A developmental specialist is a medical professional that is an authority in assessing the physical, medical, or emotional development of an individual. A referral to a developmental specialist is usually sought out when there is concern about the development of a child. While developmental specialists are often thought of in terms of aiding children, there are adult and teenage developmental specialists as well.
As children mature and grow they are expected to learn and accomplish particular skills. These skills are referred to as milestones. Milestones indicate how a child is responding to, and learning about, the world around him. For example, a child will normally begin to walk between ten and sixteen months of age.
Generally, children master milestones within the predictable age range, while others are delayed, or fail to achieve certain milestones at all. Investigation may be warranted when a child does not reach particular milestones within a typical time frame. Disorders like Down syndrome or autism, prematurity, infection, and hearing loss are some examples of what can cause a developmental problem.
Qualifications of a developmental specialist vary. Basic requirements include completion of a bachelor or masters degree in childhood development, special education, psychology, or social work. A license in early childhood development is sometimes required by the employing facility.
Another kind of developmental expert is a “Developmental Pediatrician.” These pediatricians are medical doctors that specialize in both pediatrics and childhood development. They usually work with children who have more severe developmental problems that may affect their health.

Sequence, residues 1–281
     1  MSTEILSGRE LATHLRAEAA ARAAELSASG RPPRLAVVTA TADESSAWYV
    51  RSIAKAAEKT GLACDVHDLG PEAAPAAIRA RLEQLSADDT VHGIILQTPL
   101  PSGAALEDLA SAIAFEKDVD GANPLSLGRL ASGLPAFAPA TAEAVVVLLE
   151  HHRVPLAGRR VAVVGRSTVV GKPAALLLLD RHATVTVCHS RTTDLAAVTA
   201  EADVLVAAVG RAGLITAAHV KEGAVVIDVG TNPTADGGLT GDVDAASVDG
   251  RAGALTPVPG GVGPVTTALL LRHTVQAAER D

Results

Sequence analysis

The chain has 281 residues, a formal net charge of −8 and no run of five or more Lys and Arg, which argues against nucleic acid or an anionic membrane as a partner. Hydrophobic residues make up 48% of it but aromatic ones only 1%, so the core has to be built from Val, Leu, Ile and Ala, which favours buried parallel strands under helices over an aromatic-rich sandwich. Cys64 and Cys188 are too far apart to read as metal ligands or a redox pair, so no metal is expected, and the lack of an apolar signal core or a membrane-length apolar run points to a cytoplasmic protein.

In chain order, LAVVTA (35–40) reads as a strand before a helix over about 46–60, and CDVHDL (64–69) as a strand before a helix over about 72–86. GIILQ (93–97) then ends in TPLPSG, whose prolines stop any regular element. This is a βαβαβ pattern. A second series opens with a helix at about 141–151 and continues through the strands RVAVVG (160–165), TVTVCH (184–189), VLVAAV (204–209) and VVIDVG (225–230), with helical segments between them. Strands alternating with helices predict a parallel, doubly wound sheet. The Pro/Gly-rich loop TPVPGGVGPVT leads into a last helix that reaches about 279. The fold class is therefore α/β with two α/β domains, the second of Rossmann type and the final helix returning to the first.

Assessment and advisement are the primary goals of a developmental specialist. The most common assessments surround the following categories: gross motor skills, fine motor skills, muscle tone, language development, and play. Usually, the specialist will ask the parent or guardian to complete a questionnaire about the child. The specialist will then proceed by directing and observing the child complete a series of tasks. The assessment process can take one or two sessions, with a session lasting anywhere from an hour to two hours.
Once observation and assessment are complete, the developmental specialist will suggest a treatment plan. Patients who are experiencing delays in one or two areas may require specialized therapy until the problem has been resolved. For example, a child delayed in language may go through speech therapy for a short period of time without any need of future services. However, it is a good idea to keep in mind that each individual is unique and may require more assistance in certain areas.
When multiple areas of development are delayed, or never achieved, it may denote a disorder or syndrome that will require additional specialists. When this occurs, the developmental specialist will typically spend time educating the family on the disorder or syndrome. Recommendations and referrals for other services are also given to the family. Developmental specialists are often thought of fondly because they are able to provide families with the encouragement and resources they need.